Take that, Red Sox

I never, ever want to agree with anything said by anyone affiliated with the New York Yankees.

That said, I think Hank Steinbrenner may be on to something:

http://sports.espn.go.com/mlb/news/story?id=3271124

Basically, the premise is that ESPN over-hypes the Boston Red Sox. While adding that the four-letter bows down to the Yankees just as much, I’m going to have to give the crazy rich dude his due.

ESPN might as well be the official network of the Red Sox.

On last night’s late SportsCenter broadcast, the main story from Boston’s game in Baltimore was the fact that Manny Ramirez made a catch out in leftfield – his job, by the way – and then high-fived a guy in a Sox jersey in the front row.

On and on the anchors gushed about another “Manny being Manny” moment before bringing the biggest Red Sox homer of them all, Peter Gammons, to wax poetic on the subject.

I know that the Red Sox and Yankees are big draws, and I’m sure the suits at ESPN have viewer data that suggests that they spend a huge block of time each night on the two richest clubs in baseball.

But, every once in a while, why not toss in a little objectivity. You know, just for fun.

Let me help.

Boston dropped its fourth straight game Wednesday, falling 6-3 in Baltimore, thanks to an eighth-inning grand slam from Jay Payton.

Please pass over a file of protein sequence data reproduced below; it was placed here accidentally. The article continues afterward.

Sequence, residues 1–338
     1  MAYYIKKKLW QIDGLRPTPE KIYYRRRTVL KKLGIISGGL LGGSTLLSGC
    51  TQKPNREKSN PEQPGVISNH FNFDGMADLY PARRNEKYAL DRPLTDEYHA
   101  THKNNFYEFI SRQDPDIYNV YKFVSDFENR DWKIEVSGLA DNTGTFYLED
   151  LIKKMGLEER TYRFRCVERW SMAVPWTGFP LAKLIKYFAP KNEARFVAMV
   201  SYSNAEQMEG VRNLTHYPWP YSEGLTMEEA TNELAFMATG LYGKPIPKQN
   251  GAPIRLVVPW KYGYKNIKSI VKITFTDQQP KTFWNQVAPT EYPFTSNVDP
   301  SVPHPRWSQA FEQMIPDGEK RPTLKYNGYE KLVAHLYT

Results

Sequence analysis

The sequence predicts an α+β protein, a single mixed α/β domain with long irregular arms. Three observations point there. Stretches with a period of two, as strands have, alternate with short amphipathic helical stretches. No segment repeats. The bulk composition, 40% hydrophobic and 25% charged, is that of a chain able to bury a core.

The loss keeps the Red Sox (24-19) a half-game behind the Tampa Bay Rays, who lost 2-1 at home to the Yankees Wednesday night.

The Orioles (21-19) completed a two-game sweep of Boston and now own the best home record (12-6) in the American League.

See, that wasn’t so hard.

I grew up with ESPN, and as my good friend Gabe Whisnant once pointed out, it’s the first channel I look for on an unfamiliar cable or satellite system. But the constant barrage of Red Sox and Yankee slobbering makes their baseball coverage difficult to watch.

At last count, there are 28 other teams in Major League Baseball. And when one of them, in a rebuilding year on the back of a decade worth of losing seasons, sweeps the world champions – it ought to be more important than a self-centered outfielder goofing off on the job.

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